As contractors wait to hear who will construct President Donald Trump's proposed border wall along the U.S.-Mexico border, an Oracle man is hoping to win a bid.
Guy Gillespie owns the company Incident Management Logistic Support. Gillespie has submitted paperwork not to build the wall, but to build camps for the construction workers who may have to work in remote areas.
"We build man camps," Gillespie said. "Design, build and outright man camps which is infrastructure for remote construction projects."
Gillespie also provides food, water, electricity and everything crews use to live for a few months or however long is needed. Back in 2008 Gillespie says his company built a camp in Papago Farm, about 30 miles outside of Sells, while work was being done on the border.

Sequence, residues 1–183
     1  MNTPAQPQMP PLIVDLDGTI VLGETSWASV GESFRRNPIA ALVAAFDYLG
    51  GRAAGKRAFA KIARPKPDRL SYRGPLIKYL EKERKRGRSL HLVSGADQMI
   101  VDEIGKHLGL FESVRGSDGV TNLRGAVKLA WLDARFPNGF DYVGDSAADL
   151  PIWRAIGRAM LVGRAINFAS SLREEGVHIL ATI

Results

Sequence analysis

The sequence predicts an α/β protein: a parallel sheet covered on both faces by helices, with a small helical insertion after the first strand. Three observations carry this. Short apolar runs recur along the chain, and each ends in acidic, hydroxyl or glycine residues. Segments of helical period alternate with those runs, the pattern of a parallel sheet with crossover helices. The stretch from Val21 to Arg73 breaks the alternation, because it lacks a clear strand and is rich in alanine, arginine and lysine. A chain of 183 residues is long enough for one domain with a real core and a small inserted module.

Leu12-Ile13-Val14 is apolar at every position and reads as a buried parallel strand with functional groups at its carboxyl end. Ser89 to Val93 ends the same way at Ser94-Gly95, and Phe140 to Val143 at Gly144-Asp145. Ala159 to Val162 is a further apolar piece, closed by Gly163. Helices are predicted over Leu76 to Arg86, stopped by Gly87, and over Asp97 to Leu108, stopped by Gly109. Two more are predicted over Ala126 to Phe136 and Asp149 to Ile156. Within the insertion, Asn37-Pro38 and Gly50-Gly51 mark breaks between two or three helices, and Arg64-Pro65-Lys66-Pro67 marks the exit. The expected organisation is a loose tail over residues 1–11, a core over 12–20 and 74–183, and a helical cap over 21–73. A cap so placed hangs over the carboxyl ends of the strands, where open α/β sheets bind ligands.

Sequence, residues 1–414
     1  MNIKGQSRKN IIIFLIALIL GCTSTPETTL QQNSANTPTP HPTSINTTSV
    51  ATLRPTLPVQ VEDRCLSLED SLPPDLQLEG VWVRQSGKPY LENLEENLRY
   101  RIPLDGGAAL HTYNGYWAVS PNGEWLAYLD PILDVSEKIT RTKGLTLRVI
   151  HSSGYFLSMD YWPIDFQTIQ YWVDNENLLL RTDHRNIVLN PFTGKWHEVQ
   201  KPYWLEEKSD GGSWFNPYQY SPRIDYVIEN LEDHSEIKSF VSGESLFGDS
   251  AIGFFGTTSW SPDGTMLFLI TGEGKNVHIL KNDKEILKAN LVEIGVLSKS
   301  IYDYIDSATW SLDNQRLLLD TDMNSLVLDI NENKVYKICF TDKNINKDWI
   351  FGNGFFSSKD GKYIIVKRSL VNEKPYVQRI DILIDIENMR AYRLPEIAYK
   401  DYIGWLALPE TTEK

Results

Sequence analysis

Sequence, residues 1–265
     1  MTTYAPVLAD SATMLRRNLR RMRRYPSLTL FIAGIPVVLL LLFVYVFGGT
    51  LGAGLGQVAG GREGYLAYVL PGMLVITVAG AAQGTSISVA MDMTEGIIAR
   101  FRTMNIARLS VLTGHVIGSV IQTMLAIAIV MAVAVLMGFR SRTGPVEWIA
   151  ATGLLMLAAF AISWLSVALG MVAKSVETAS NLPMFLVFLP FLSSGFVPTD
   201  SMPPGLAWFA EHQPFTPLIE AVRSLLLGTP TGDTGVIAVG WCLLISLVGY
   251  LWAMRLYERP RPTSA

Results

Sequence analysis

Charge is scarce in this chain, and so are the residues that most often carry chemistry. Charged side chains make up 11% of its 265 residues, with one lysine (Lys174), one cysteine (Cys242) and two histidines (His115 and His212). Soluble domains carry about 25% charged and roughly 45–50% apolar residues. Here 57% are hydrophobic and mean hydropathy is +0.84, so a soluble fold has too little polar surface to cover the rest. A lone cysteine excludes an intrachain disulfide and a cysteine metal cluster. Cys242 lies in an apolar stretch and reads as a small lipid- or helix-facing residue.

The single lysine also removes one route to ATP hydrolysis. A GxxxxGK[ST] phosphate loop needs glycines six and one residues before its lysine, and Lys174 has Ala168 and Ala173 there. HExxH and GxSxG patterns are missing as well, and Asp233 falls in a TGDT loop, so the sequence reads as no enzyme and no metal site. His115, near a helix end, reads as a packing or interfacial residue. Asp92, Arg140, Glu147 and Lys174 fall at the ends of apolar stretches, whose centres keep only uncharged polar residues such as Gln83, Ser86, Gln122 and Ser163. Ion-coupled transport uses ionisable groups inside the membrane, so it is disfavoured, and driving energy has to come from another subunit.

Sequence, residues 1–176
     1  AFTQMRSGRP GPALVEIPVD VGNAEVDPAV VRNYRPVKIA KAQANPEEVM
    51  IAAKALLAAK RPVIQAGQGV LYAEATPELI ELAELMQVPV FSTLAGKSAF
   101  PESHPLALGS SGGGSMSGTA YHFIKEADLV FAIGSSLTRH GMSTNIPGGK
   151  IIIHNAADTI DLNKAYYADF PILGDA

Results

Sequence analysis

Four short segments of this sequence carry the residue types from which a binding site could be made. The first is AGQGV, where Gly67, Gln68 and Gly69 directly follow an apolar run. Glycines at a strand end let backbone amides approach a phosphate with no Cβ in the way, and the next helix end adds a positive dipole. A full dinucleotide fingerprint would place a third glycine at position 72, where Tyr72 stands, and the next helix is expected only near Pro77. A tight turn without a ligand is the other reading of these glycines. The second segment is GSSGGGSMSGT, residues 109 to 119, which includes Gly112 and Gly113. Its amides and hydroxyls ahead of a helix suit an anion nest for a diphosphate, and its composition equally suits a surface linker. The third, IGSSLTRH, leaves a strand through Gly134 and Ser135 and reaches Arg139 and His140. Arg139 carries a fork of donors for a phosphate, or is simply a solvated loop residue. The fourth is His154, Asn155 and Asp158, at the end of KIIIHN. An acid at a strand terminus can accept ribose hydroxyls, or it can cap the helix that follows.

Big federal jobs like the wall are few and far between, Gillespie said. He would likely hire about 12 people to help him build the camp that could potentially house hundreds of workers. Depending on the services required, it could cost up to $170 per day per worker to run the camp, Gillespie said.
While critics remain skeptical of the wall citing environmental concerns, potential legal battles, and the cost, Gillespie says the wall would just be another job.
"I'm not concerned about the political ramifications or business, I'm just trying to operate a business and support the construction workers in remote areas," Gillespie said.